Recently, I was speaking with a congregation about what we call 'alternate part-time' in the Episcopal Diocese of NC, which means that a priest serves a congregation part-time, but not every Sunday. A half-time priest may serve 2 Sundays a month (and 2 days during the week), and a quarter-time priest 1 Sunday a month (and 1 day a week). One of the major advantages to this is that clergy can serve more than one church part-time without exhaustion.
Congregations, though, inevitably ask, 'What will we do on the other Sundays, when we don't have a priest?' There are a variety of answers to this - some say Morning Prayer once or twice a month, some hire supply priests on the Sundays their priest isn't with them. And increasingly, some are wondering what would happen if they only had church services twice a month.
At first, this seems like heresy! Not having worship every Sunday is unthinkable, and it seems like it would be capitulating to a culture that says church attendance is not important. And we all know, of course, that in general, church attendance is down, and continues to decline. Not only do fewer people go to church at all, but those who do go don't go as often as they used to. 'Regular attendance' used to mean 3 out of 4 Sundays a month; now, it is more like 2 Sundays a month, or maybe even one, for most people in our pews.
It makes me wonder, if most people are only at church twice a month anyway, how much different would it be if church only met twice a month? It could be better for congregations to see all of their membership twice than half their membership every other Sunday. It would definitely help make things more affordable for many communities, in terms of paying for clergy, and maybe sharing their space. It might give clergy and lay leaders more time to rest from the labors of the many things that happen each Sunday, and have more energy for worship and ministry when the congregation did gather.
It might do something else, as well. We talk more and more about getting outside the walls of our churches, learning that we are not isolated communities of faith, but also members of a larger denomination, and a larger faith that expresses itself through many denominations. If our own congregation only met twice a month, we would not necessarily have to stay home and sleep late on the alternate Sundays (although even I have to admit that is a lovely occasional luxury). It might give us the chance to worship in other churches in our community, either our own denomination or another. It might give us the energy to start new worshiping communities. Who knows where the Holy Spirit might lead us if we were not so busy in our own place every Sunday?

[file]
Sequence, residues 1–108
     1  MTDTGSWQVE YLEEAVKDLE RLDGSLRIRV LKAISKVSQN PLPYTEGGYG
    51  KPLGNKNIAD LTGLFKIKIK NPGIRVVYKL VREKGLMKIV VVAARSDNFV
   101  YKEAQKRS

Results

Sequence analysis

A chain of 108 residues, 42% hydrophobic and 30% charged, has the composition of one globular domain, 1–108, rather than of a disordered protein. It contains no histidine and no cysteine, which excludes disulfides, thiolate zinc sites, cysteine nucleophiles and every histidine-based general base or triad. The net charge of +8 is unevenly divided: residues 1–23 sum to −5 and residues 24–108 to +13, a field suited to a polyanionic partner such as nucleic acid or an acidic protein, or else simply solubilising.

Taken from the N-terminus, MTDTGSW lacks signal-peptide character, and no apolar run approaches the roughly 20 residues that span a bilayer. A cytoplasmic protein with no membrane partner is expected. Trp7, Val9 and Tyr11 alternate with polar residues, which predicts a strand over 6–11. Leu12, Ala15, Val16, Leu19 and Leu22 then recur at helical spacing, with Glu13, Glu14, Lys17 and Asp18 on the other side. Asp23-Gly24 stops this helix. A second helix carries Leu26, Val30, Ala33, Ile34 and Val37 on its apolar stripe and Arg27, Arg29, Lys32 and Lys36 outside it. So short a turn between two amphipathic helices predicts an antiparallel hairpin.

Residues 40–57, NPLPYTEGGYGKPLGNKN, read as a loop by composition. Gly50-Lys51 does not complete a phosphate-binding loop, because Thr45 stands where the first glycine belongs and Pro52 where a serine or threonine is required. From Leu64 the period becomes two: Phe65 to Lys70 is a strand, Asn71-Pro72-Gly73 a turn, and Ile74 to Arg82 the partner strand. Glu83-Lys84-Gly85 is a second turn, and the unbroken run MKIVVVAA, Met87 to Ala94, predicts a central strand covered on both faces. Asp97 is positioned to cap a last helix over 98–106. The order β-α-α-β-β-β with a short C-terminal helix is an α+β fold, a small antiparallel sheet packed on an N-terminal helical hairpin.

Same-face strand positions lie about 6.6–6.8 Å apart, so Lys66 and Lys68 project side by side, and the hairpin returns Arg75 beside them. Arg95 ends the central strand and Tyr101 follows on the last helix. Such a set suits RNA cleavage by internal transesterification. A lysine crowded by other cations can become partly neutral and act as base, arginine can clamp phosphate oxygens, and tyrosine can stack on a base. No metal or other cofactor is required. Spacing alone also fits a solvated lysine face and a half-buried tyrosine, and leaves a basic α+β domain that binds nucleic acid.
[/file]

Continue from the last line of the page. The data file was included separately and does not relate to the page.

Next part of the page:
One of the interesting tensions in practicing Christianity is on the one hand, following a Lord who had 'no place to rest his head,' and was constantly on the way and bringing others along with him; and on the other, establishing communities of faith where people can come and rest and pray and receive blessings and sacraments and participate in becoming disciples. It seems to me that in the mainline denominations, we are very good at the established, and maybe not so engaged in the going where the Spirit chooses. And it is hard not to think of these things as polar opposites, either/or situations.
But what if they are not? What if some Sundays we were right there in our pews, fostering the relationships with each other and with God that sustain us, and other Sundays, we were out in the world, discovering new neighbors, new relationships, new ways to worship God? How might each of these practices inform the other, especially when practiced by the same group of people? Part-time starts to look different then, I think, in terms of mission and ministry. Not a failure or a capitulation but an opportunity to see ourselves differently as those who follow Jesus n